Major Baker Captures Metis on the Milk River, July, 1879.

Colonel Miles ordered Major Eugene Baker !
nd
Cavalry" to round up the Red River
Metis and in late July o# 1879 a$out 1,%%% people along &ith their horses, 8%% 'arts, and
other supplies &ere 'aptured and (oved out o# the area.
Correspondent John )inerty in War Path and Bivouac, reports*
+t da&n , aroused the 'orporal, and, $e#ore an hour, &e &ere again on the road,
#ollo&ing Miles- trail. .hen &ithin a #e& (iles o# his 'a(p, &e o$served a pro'ession,
&hi'h &e took to $e an ar(y 'orps at #irst, 'o(ing over the prairie #ro( the &est. )our
dark groups in #ront indi'ated 'o(panies o# soldiers on the (ar'h. , then 'on'luded it
&as Baker-s $attalion, o# the !d Cavalry, having in to& nearly #ive hundred /al#0Breed
tea(s, &ith the #a(ilies &ho o&ned the(, 'aptured up Milk River, and this su$se1uently
proved to $e the #a't.
Just as &e re'overed #ro( the surprise o# seeing the host advan'ing in the di( distan'e
#ro( the &est, the /al#0Breed, &ho 'arried an old pair o# #ield glasses, (ade a gesture o#
#ear and uttered the &ord 2 3akota4 2 &hi'h (eant 5iou6.
2,# they-re 5iou6,2 said 7rivate Bliss, 2they-ll respe't our uni#or(, $ut i# they-re any o#
Miles- Cro&s or Cheyennes, &e-d $etter look out.2
.e o$served horse(en in (otion on a $lu## in our #ront, a (ile or t&o a&ay, and that
they &ere ,ndians, $e'a(e apparent very soon. 8he red0'oats did not like the situation,
and neither did ,. ,# they &ere 5iou6, the soldiers &ere all right0$ut &as ,9 ,# they &ere
Cro&s or Cheyennes, , (ight $e all right0$ut &ould they9 8hese 1uestions revolved
the(selves in (y (ind as the savage horse(en, no& galloping their ponies like (ad,
'a(e to&ard us in gallant, i# terri$le, array. 8he soldiers and hal#0$reed got ready #or
a'tion, $ut , told the( to keep 'ool and a&ait develop(ents. But, #or all that, , #elt
un'o(#orta$le. ,# they &ere Miles- ,ndians, ho& 'ould , tell &hat they (ight do &ith the
soldiers, even though they le#t (e alone9

5oon they rea'hed near enough to (ake us out, and, a''ording to their 'usto(, they #ired
several shots in the air, and uttered their shrill, unearthly yells. 8heir leader &as dressed
in a light0'olored gar$, and , had the satis#a'tion o# re'ogni:ing in hi( the #a(ous
Cheyenne 'hie#, 3ittle .ol#, &ho had surrendered to 3ieut. 7hilo Clark, a#ter a gallant
#ight, the previous year.
3ittle .ol# looked $la'k at the soldiers and /al#0Breed &ho had their ri#les at #ull 'o'k,
ready #or $usiness, $ut, reining in, rea'hed his hand to (e and said, 2 /o&4 2 8hen he
(otioned to his #ollo&ers, and they all s&ept o## to&ard the north like a tornado.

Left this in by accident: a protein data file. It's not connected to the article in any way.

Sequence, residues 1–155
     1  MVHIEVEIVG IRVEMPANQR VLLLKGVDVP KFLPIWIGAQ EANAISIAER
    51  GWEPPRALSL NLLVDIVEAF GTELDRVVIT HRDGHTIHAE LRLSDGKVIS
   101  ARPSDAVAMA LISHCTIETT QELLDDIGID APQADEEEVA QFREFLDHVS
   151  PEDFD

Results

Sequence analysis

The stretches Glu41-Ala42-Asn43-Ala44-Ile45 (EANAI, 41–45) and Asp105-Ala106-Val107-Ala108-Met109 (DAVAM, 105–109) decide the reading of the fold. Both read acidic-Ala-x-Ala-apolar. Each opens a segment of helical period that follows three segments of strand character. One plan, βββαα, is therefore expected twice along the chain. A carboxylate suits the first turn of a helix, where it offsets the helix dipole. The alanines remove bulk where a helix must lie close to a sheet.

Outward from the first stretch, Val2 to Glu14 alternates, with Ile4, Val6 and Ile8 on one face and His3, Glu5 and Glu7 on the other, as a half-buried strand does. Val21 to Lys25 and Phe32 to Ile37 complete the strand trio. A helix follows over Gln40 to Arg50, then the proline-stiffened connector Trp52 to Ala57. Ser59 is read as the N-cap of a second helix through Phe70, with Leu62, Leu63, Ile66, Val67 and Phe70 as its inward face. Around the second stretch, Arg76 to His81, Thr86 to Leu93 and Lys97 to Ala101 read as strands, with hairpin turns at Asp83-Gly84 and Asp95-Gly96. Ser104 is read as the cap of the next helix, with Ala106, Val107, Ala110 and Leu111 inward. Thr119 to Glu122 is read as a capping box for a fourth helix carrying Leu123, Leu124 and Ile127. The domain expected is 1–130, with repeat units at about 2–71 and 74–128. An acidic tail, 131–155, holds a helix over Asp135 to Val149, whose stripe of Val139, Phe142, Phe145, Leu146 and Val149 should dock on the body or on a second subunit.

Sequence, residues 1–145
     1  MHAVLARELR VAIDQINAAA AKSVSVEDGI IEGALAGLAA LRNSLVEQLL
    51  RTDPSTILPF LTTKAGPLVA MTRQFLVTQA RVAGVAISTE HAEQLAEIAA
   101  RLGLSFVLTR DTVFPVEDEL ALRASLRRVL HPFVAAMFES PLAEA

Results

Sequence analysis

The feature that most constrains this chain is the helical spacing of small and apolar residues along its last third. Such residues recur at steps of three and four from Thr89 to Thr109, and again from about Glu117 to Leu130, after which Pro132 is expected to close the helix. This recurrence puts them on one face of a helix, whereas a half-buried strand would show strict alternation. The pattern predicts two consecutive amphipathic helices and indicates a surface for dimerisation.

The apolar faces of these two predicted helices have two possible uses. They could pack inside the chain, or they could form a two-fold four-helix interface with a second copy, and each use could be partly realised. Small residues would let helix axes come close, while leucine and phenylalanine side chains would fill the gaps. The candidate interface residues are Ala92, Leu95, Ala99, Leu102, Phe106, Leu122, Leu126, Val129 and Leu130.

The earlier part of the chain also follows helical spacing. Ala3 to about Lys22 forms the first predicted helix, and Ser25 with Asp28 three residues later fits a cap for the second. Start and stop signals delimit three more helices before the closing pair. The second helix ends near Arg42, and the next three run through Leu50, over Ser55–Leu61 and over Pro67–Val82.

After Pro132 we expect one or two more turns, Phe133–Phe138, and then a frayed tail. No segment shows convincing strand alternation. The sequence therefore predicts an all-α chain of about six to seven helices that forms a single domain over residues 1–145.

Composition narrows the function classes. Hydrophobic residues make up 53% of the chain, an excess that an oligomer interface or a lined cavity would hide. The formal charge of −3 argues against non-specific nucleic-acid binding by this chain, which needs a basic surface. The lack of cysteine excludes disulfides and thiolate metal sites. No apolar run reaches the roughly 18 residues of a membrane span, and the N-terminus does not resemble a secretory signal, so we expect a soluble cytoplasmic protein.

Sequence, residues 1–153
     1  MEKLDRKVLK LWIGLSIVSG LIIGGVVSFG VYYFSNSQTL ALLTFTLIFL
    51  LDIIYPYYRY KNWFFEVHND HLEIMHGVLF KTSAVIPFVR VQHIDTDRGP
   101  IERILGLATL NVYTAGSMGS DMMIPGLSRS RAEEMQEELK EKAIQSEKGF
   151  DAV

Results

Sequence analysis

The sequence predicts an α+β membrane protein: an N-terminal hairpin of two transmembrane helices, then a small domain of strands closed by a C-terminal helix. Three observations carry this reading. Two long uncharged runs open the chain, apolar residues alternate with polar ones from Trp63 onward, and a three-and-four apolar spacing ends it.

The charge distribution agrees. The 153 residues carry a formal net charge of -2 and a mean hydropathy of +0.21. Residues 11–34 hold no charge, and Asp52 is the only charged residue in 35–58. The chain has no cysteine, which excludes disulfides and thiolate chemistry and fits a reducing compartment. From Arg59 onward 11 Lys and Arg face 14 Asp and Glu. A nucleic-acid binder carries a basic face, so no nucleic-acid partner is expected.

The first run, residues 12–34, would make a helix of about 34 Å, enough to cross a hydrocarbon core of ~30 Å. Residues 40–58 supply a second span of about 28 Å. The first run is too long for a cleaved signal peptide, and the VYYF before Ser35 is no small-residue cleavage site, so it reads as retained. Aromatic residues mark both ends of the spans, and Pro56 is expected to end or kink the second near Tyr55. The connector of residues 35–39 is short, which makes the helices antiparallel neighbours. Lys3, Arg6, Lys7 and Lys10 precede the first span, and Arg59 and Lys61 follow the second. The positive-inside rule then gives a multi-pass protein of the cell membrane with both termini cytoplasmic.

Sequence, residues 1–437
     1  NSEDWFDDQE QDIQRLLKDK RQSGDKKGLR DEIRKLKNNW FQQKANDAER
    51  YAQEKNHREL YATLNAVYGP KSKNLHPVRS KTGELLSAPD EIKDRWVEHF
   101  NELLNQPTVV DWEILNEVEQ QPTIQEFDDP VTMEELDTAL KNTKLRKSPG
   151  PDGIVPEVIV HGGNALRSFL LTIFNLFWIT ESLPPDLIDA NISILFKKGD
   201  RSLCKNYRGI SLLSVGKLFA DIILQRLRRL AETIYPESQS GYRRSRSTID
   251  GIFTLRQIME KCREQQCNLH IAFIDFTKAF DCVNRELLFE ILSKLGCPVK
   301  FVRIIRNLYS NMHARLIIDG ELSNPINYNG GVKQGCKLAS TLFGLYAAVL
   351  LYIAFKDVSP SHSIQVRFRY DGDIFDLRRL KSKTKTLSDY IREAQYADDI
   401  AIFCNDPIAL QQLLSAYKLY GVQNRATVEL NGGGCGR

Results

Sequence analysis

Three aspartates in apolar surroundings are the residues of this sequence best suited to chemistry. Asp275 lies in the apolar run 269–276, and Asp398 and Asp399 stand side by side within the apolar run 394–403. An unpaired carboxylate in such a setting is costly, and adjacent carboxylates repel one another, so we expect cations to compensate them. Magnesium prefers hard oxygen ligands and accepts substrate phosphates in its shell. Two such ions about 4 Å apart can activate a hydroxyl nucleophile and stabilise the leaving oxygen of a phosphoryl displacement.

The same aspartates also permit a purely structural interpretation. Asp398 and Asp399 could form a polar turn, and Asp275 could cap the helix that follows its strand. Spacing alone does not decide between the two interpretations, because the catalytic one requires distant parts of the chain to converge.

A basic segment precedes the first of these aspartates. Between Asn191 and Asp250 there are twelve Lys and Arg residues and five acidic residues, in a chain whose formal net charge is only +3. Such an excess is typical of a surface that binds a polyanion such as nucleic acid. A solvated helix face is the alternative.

.e had so(e di##i'ulty in #ollo&ing Miles- trail, $ut &e su$se1uently #ound hi( very
neatly en'a(ped in the valley o# Milk river, near the (outh o# )ren'h(an-s 'reek. Both
he and his o##i'ers gave (e a very kind re'eption, and they &ere (u'h interested in &hat
, had to tell the( respe'ting (y e6perien'es in the 8eton en'a(p(ent. pp. ;890;9%"
<Colonel= Miles telegraphed .ashington to kno& &hat disposition he should (ake o# the
(ultitude o# /al#0Breeds 'aptured $y Baker-s 'o((and. /e resolved, ho&ever, to keep
the( near hi( until he re'eived #inal orders.

8hose pi'tures1ue people pit'hed their 'a(p in a (ighty 'ir'le a (ile or t&o a&ay #ro(
ours. 8he &eather had gro&n delight#ul, and the (oon &as at its $est. +''ordingly, in the
evening, the >eneral, his sta##, so(e other o##i'ers and (ysel# (ounted our horses and
rode do&n to the /al#0Breed 'a(p. 8he light0hearted 'reatures had had supper, and, to
the inspiring sound o# do:ens o# violins and other (usi'al instru(ents, &ere dan'ing on
the green, under the >ra'ious $ea(s o# the ever0$eauti#ul or$ o# night, as 'al(ly as i#
they &ere $eyond the line, and not under the thu($ o# a very resolute +(eri'an general.
8he sight &as an e6'eedingly pretty one, and several o# the soldiers &ere granted the
privilege o# dan'ing a round or t&o &ith dusky, $ut, #or all that, gra'e#ul and lovely
partners. .e enjoyed this interesting spe'ta'le #or an hour or so, and &hen &e le#t the #un
had not yet ended.
?e6t day &e $roke 'a(p and (oved nearer the Missouri river, the hal#0$reeds, under
es'ort, #ollo&ing our trail. .e 'rossed Milk River, near Ca(p$ell-s houses, and there le#t
(ost o# the !d Cavalry, under Col. Baker, &ho &as ordered to look a#ter the /al#0Breed
out#it until .ashington 'ould $e heard #ro(. 8he rest o# the (ilitary &ere sent to their
respe'tive posts $y di##erent routes, &ith the e6'eption o# a deta'h(ent o# the @
th
,n#antry
retained $y >eneral Miles. ;910;9!"
.e rea'hed the Missouri on the 7th, and so(e days a#ter&ard , took passage at )ort 7e'k
on a stea(er $ound #or Bis(ar'k. +t that pla'e , learned that the govern(ent had ordered
the release o# the /al#0Breeds, on 'ondition that they &ould re#rain #ro( hunting on our
side o# the $order. , don-t kno& &hether the released 'aptives respe'ted the 'onditions,
$ut it (ade little di##eren'e, as nearly all the ga(e had disappeared #ro( that region a
'ouple o# years a#ter&ard. >eneral Miles and sta##, #ro( a high $lu## a$ove Milk River,
sa& the last grand (uster o# the great northern herd o# $u##alo, on'e 'ounted $y the
(illion, on the evening o# +ugust A, 1879. p. ;9A"
John ). )inerty, War Path and Bivouac, 189%* ;890;9A.

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